reproductive health

In 2000, the Millennium Development Goals set targets for social achievements by 2015 including goals related to maternal and child health, with mixed success. Several initiatives supported these goals including assuring availability of appropriate medicines and commodities to meet health service targets. We compiled indicator data on 15 commodities related to reproductive, maternal, newborn, and child health (RMNCH) and analyzed them across 75 Countdown to 2015 countries from eight regions to identify problems with specific commodities and determinants of access. The determinants related to policy, regulatory environment, financing, pharmaceutical procurement and supply chain, and information systems. We also developed a dashboard for policy and systems indicators for select countries. The commodities we identified as having the fewest barriers to access had been in use longer. No country reported recent stock-outs of all the 15 commodities at the central level—countries always had some of the 15 commodities available. This analysis highlights country deficiencies in policies and systems, such as incoherent policy guidelines, problems in product registration, lack of logistics data, and central-level stock-outs that may affect access to essential RMNCH commodities.

Since the 1990s, the Inter-agency field manual on reproductive health in humanitarian settings (IAFM) has provided authoritative guidance on reproductive health service provision during different phases of complex humanitarian emergencies. In 2018, the Inter-Agency Working Group on Reproductive Health in Crises will release a new edition of this global resource. In this article, we describe the collaborative and inter-sectoral revision process and highlight major changes in the 2018 IAFM. We conclude with an outline of plans for releasing the 2018 IAFM and facilitating uptake by those working in refugee, crisis, conflict, and emergency settings.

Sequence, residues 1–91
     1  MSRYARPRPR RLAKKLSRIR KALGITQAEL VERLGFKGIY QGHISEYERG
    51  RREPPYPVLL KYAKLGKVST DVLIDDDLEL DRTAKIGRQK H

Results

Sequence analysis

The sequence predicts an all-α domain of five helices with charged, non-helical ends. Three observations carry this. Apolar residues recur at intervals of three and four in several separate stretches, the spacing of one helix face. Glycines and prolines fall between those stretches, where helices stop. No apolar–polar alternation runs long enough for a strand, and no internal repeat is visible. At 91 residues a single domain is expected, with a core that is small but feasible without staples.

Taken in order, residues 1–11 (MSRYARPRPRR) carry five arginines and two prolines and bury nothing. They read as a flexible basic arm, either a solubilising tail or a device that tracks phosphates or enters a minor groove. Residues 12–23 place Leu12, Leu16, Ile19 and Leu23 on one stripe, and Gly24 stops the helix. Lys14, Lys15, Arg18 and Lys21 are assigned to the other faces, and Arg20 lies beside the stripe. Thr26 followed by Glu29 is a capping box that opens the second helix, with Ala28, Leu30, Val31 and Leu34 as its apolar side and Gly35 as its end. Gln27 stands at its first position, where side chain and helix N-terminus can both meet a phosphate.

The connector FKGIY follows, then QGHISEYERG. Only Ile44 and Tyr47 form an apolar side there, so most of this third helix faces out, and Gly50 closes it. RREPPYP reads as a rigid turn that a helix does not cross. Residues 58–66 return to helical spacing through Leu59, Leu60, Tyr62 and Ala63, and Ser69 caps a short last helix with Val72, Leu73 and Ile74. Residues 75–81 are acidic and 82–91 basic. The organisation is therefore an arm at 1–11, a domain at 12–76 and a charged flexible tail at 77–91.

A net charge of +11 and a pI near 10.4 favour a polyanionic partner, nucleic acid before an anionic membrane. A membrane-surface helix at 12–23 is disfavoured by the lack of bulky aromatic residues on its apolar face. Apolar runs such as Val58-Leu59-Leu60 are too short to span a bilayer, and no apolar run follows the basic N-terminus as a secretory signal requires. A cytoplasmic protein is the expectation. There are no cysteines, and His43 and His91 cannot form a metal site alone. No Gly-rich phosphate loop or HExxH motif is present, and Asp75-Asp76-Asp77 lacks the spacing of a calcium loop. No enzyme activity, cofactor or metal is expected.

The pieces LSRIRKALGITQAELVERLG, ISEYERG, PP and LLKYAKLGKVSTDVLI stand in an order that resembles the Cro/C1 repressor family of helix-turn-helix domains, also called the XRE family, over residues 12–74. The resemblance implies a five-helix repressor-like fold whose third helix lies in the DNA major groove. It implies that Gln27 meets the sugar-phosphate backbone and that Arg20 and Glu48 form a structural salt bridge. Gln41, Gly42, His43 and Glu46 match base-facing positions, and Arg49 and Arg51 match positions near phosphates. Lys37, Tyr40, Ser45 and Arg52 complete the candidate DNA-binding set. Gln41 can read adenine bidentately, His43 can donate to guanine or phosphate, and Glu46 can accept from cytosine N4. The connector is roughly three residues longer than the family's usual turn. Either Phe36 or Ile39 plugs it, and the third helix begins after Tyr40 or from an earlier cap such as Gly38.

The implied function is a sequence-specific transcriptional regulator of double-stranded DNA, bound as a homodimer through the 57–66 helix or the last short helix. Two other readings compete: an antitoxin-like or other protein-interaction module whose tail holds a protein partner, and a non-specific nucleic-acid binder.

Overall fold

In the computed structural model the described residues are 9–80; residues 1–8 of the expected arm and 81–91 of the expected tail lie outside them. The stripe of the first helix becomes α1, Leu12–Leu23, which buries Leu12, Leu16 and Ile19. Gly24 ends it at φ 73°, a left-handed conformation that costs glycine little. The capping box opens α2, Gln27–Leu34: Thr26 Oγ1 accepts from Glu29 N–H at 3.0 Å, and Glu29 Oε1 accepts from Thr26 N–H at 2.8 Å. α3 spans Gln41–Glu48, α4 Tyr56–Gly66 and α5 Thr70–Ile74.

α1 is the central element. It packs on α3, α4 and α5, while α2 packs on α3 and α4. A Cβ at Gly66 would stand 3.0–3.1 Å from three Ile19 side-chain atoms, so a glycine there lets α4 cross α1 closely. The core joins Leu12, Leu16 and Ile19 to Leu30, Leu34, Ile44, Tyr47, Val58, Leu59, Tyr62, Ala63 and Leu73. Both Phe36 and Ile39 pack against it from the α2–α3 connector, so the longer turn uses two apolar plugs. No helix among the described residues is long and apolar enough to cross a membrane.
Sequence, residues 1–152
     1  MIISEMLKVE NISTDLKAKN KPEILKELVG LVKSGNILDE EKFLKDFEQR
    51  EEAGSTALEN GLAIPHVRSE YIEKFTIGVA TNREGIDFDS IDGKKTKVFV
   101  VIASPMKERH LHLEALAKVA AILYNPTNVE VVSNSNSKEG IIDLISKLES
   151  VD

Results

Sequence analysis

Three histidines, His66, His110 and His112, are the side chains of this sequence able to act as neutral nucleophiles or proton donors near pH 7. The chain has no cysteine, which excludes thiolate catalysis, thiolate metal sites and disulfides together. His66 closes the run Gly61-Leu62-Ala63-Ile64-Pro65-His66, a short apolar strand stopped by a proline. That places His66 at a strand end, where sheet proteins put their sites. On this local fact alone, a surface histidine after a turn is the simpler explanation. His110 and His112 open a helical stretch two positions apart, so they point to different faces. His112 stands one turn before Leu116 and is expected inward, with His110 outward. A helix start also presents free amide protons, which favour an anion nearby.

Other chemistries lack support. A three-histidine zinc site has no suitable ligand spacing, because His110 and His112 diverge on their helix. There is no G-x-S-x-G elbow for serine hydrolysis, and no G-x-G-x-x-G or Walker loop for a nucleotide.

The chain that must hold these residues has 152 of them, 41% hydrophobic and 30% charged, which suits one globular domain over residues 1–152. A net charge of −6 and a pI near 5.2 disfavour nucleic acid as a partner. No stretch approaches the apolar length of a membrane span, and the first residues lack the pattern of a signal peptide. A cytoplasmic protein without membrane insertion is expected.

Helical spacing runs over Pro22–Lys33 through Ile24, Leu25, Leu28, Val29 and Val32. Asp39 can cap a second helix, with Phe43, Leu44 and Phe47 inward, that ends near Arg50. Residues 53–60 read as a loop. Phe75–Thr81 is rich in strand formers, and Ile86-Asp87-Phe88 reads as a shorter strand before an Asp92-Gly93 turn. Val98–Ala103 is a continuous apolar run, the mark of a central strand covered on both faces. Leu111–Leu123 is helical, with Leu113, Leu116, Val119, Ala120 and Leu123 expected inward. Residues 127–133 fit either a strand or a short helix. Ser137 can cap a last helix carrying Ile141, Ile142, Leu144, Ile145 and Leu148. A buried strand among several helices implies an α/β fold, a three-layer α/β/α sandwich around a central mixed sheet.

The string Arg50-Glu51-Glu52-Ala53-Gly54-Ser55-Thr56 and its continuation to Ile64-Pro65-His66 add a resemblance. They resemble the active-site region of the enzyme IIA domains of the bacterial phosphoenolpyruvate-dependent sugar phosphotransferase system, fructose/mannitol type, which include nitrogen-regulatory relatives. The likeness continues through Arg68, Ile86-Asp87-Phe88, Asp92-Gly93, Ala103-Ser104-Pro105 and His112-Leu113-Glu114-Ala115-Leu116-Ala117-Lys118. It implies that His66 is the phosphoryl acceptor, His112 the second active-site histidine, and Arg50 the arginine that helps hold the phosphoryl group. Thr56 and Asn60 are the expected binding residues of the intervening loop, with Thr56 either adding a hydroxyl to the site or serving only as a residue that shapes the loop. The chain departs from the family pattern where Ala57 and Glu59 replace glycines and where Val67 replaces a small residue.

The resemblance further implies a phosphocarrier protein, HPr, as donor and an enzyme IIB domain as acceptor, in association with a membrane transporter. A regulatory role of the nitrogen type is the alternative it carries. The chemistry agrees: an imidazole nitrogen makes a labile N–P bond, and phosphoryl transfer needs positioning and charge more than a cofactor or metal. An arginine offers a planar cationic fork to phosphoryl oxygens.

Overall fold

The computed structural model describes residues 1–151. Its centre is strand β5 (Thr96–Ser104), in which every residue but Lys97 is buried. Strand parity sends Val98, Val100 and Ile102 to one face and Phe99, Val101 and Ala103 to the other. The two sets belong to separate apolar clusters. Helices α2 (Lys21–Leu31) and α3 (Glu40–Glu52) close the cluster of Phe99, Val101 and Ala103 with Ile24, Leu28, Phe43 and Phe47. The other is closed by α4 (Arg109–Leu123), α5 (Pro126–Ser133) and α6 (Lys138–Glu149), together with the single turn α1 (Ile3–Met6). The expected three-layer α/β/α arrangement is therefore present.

Kobe Refugee camp hosts roughly 39,000 refugees displaced from Somalia during the 2011–2012 Horn of Africa Crisis. Sexual and reproductive health (SRH) issues, as well as the greater issues of health and well-being for adolescents displaced from this crisis, remain largely unknown and neglected. In 2013, the Women’s Refugee Commission, Johns Hopkins University, and International Medical Corps in Ethiopia implemented qualitative and quantitative research to explore the factors and risks that impact the health of very young adolescents (VYAs), those 10–14 years of age, in this setting. This research identified several factors that were found to influence the health and well-being of VYAs in Kobe refugee camp, including newfound access to education and security, combined with gender divisions and parental communication around early SRH and puberty that remained intact from traditional Somali culture. Girls were found to face an additional risk of child marriage and early pregnancy since displacement, which significantly limited their ability to access education and achieve future aspirations.

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